Bartlett’s analysis is at the level of individual and group psychology. The depth and range of this analysis make it a suitable basis for application to other areas. Here I have extended Bartlett’s analysis to look at social institutions, which are systematic ways by which people organise their interpersonal relationships. I selected four characteristic foundations for the capacity for evil as explained by Bartlett: obedience to authority, hatred of out-groups, lack of moral intelligence and intolerance of resistance. Using these four criteria, it is possible to assess social institutions according to whether they facilitate the manifestation of evil, in other words whether they enable human destructiveness. Three institutions were examined here: bureaucracy, the family and the state.

The outcome of this preliminary examination accords with typical anarchist analysis: institutions based on hierarchy and obedience are ideally structured to facilitate evil, whereas those based on equality and self-determination offer greater prospects for limiting the potential for evil. Bartlett’s analysis, extended to institutions, thus meshes neatly with anarchist theory and practice.

However, Bartlett’s analysis provides some additional strictures that deserve attention. If psychologically normal people, individually and collectively, have a readily evoked capacity for destructiveness towards each other, other species and the environment, then it may not be enough to eliminate the state, patriarchy, capitalism and other systems of domination. Humans have the capacity for self-management but also the capacity for damaging thought and behaviour. This suggests that self-management is not a stable alternative, in the sense that there will always be tendencies towards recreating hierarchical and oppressive relationships.

Bartlett’s analysis provides some pointers for building alternatives, including dealing with the lure of obedience to authority and group norms, countering the tendency to hate out-groups and welcoming disagreement within groups. Perhaps most remote from usual anarchist discussions is the idea of fostering moral intelligence, in particular to encourage people to think beyond self-interest and in-group identification. Self-management may provide a fruitful basis for promoting moral intelligence, but this is not guaranteed.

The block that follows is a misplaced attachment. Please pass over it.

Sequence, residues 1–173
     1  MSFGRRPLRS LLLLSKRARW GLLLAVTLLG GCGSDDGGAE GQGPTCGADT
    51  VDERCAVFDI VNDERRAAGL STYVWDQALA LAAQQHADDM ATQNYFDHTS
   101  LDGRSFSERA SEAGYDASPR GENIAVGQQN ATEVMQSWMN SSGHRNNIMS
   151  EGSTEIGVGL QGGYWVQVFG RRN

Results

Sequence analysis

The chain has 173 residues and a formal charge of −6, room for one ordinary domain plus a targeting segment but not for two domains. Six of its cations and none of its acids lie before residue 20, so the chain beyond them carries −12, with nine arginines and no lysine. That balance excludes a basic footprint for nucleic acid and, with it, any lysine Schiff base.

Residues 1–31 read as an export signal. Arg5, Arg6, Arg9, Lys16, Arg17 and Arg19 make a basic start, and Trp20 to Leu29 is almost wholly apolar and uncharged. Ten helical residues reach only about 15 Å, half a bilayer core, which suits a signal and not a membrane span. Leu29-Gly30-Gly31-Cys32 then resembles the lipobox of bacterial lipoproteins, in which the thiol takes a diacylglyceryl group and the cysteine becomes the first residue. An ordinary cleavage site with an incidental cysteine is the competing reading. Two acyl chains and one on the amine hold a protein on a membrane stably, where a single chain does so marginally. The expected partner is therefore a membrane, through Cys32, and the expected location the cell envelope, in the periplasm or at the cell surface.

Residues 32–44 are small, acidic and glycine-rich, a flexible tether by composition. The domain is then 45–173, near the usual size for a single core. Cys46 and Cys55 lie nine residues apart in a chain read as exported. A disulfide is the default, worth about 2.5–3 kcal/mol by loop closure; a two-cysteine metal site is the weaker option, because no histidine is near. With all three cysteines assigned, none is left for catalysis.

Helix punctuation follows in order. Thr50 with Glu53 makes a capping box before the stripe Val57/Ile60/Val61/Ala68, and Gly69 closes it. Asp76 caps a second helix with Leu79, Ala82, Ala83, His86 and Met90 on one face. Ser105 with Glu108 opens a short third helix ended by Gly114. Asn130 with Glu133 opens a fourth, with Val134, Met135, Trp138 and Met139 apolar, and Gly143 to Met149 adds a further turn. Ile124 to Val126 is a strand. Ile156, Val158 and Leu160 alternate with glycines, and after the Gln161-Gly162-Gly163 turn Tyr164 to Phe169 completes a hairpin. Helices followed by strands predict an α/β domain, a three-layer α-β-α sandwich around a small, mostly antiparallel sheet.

One implication of Bartlett’s analysis is that the challenge of building self-managing alternatives is even greater than usually conceived. It is obvious enough that systems of domination are remarkably powerful purely as mechanisms for the exercise of power to maintain inequality and exploitation. What is more daunting is the complicity of ordinary people in patterns of thinking and behaviour that enable the continuation of domination.

Bartlett argues that hope is part of the problem: by continually seeking signs of hope, humans look away from the dark side of their species. The implication for anarchists is to continue to oppose domination and to build self-managing alternatives but to be continually alert to pathology inherent in humans.

Brian Martin is emeritus professor of social sciences at the University of Wollongong, Australia. He is the author of many books and articles on nonviolent action, dissent, scientific controversies, democracy, strategies against injustice, and other topics, and is vice president of Whistleblowers Australia.


Matthew Adams, Lyn Carson and two anonymous reviewers provided many valuable comments on drafts.


1. I thank an anonymous reviewer for recommending how to track down anarchist references to evil. The method is to search websites hosting anarchist writings for the word ‘evil’. Specifically this involves searching the Anarchy FAQ using the search term ‘site:anarchism.pageabode.com/afaq/ evil’ and searching Anarchy Archives by using ‘site:dwardmac.pitzer.edu evil’.